Saturday, September 06, 2008

Thai Video Transcripts

In June, Ricker started a great service for Thai students with a wiki called Thai Video Transcripts (TVT). Here's his blog post about it.

This is the introduction to the wiki from the front page.

TVT is a learning tool for students of the Thai language. There are nearly endless Thai videos on sites like YouTube and KosanaThai. On TVT, users work together to transcribe the text of these videos. This process will help you to improve your understanding of Thai as actually used by native speakers, and makes it simple to copy-and-paste unfamiliar words into websites like,, or

This is a great resource for Thai language students.

Sunday, August 31, 2008


During my recent visit to Thailand, reading became more automatic as I read signs everywhere around me. One challenge with reading signs is that there are many fonts.

This logo that obviously reads "USA" actually reads "Breeze" (บรีส). It's the Thai brand for a laundry detergent called Omo in other parts of the world.

The "Wow" in this movie title is part of the transliteration of the English title "Surf's Up" (เซิร์ฟอัพ). In the official transliteration, the two "W"s are different Thai characters, but it doesn't matter from the standpoint of pronunciation. The second character in the subtitle is an M-shaped thing. My wife had to tell me that it's a ตอ เต่า.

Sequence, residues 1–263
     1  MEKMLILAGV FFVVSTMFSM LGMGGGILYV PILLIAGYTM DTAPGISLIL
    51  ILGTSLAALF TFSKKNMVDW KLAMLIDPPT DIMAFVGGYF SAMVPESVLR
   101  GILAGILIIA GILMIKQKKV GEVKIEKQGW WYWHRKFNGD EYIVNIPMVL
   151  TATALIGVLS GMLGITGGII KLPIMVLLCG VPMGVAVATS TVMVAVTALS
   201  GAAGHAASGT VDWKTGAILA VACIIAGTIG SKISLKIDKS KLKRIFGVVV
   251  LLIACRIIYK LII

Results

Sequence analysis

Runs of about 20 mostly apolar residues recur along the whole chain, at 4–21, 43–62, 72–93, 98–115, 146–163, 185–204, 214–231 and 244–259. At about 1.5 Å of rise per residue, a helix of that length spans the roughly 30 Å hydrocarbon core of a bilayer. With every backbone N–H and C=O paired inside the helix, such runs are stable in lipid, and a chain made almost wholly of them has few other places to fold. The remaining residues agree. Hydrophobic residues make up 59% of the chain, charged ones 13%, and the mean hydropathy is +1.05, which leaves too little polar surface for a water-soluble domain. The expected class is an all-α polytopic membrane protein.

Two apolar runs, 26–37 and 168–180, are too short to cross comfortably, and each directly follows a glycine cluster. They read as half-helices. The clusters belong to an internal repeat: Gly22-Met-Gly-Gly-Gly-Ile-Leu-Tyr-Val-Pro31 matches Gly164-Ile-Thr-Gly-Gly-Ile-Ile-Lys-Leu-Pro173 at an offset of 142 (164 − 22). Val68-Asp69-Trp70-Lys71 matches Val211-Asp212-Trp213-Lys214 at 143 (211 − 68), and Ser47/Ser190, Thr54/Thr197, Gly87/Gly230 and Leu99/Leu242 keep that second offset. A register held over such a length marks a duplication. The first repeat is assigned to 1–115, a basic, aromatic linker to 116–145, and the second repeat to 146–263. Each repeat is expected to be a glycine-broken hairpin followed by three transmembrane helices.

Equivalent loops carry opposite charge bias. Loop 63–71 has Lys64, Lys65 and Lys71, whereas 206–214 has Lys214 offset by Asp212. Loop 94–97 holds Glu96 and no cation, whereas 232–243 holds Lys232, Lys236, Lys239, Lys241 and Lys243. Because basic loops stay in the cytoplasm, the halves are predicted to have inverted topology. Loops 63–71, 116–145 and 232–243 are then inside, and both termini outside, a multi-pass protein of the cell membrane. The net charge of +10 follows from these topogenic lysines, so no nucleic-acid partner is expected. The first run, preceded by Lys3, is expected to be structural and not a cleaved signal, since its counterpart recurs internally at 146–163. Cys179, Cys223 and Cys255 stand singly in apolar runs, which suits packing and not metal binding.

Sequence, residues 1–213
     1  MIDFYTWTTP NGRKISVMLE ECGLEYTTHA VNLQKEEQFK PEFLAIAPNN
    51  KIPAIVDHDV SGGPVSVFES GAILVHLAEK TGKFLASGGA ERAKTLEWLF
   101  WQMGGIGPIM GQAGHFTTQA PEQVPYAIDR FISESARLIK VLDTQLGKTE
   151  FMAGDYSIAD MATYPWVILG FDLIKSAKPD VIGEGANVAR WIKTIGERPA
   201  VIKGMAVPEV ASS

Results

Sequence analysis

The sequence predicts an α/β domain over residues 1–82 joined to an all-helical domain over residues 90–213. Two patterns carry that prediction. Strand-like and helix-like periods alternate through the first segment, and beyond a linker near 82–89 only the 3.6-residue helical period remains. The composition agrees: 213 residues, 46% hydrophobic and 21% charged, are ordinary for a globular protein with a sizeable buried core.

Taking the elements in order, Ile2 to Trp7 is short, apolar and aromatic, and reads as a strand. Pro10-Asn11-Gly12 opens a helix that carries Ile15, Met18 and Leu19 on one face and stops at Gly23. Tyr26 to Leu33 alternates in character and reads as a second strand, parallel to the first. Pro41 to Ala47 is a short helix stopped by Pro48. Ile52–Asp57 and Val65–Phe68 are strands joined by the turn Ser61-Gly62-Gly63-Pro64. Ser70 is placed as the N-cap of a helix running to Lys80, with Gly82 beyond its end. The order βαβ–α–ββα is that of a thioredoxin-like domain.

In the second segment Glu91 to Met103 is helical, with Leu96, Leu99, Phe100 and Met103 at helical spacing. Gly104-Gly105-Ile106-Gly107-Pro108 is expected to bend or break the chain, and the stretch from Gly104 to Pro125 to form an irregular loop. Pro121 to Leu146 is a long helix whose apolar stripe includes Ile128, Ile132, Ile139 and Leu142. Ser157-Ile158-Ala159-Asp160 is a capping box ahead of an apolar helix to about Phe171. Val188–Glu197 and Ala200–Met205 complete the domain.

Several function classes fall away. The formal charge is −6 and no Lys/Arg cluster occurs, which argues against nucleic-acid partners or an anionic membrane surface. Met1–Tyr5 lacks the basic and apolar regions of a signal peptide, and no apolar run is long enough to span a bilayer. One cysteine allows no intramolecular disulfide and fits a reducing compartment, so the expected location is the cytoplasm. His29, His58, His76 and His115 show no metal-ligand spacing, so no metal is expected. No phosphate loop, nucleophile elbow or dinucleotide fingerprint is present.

English-looking Thai characters in logos are very common, and I'm sure they are intentionally designed in that way.

I find myself wondering whether, as a child, I had to figure out the differences between English fonts.


Technorati tags: , ,

Saturday, August 23, 2008

Chulabook and Pocoyo

Prior to leaving Bangkok, we visited the Chulalongkorn University bookstore near Siam Square. They have a lot of materials that are useful to Thai language students. They also have a website that sells books, VCDs, and other materials:

In addition to a few Thai comic books and books for children, we bought Thai language VCDs of Pocoyo (โพโคโย). We bought them for my son, but they are good language acquisition tools for an adult at an intermediate level. Each episode uses and repeats a few words of core vocabulary in a natural way. They're amusing and creative enough that I can watch them without getting bored. I've practiced listening and acquired a few words and phrases this way.

(DVDs have region codes, and many DVDs from Thailand don't work on players for other regions. This is not an issue for VCDs.)


Technorati tags: , ,

Friday, August 22, 2008

ALG Level 1 Demonstration

Rikker recently mentioned that there's now an Automatic Language Growth (ALG) video from AUA Thai Level 1. I looked it up, and it's quite good. It illustrates how to teach a second language from the very beginning without translating to the student's native language.

Note that, when the instructors ask questions in Thai, the students reply either with signs or in their native language. This permits a long silent period, during which the students don't speak the new language. Research by Stephen Krashen and others suggests that an initial silent period facilitates better acquisition.